Fig. 1 Carlos Villarreal Kwasek, South-American Future Fantasy (2015), Digital.

I was given the opportunity to be involved in the Tsamaru project as a Concept Artist. This project, which is on going at the moment, is a multimedia experience for the Ministry of Education in Ecuador developed by the local studio Amerisis (Amerisis, 2015). The goal of the project is to use it as a tool for educational purposes by involving the audience with superhero figures based on local myths and folk stories.

I work closely with the writers and the visual department team. We research into our own cultural heritage as well as contemporary sources. There is a rich and broad history to tap into and I am extremely excited that this vision is being created by local artists and practitioners. This is a local view. I love that the local flavour is surfacing in this project: for example, many of the characters resemble more of a Nacho Libre than a Daredevil. I feel that there is richness and intrigue in this universe and I feel inspired by this project.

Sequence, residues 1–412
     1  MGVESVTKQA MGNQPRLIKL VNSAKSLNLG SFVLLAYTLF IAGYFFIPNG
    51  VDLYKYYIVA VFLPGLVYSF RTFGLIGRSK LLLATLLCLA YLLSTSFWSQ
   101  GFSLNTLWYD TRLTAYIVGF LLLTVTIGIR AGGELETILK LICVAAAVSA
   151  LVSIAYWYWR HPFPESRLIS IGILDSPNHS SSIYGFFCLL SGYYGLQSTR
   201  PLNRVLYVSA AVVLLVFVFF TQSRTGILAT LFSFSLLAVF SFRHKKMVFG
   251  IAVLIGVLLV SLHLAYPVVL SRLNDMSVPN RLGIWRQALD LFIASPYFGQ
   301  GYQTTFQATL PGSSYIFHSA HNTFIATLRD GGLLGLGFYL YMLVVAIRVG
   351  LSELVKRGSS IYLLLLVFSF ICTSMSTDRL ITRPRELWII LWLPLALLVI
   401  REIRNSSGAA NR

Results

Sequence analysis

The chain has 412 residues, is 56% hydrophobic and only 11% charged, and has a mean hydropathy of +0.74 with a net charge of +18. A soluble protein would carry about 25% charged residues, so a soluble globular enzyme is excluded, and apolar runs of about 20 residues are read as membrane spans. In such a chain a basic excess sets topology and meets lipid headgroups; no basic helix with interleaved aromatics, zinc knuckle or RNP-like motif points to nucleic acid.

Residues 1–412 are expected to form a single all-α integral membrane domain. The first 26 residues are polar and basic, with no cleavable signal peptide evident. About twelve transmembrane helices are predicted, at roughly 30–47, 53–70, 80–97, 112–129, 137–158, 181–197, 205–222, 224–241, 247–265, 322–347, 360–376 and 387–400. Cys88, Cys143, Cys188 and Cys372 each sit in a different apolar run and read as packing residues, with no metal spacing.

I decided to use some of the Tsamaru research to design a few characters on my own. This experiment resulted in some interesting explorations (Fig. 1) that perhaps could help me shape some of my own ideas.

I think that our own work can be a source of inspiration just as well as other artists’ work. By doing a project that is different yet within my spectrum I felt revitalised and refreshed to start something new. Furthermore I feel lucky to have been given this opportunity and I’m sure this project will overlap some of the themes I want to tackle in my personal work.


Amerisis (2015) Amerisis. [online] Available at: Facebook [Accessed on 28 February 2015]

List of Images

Fig. 1 Carlos Villarreal Kwasek, South-American Future Fantasy (2015), Digital.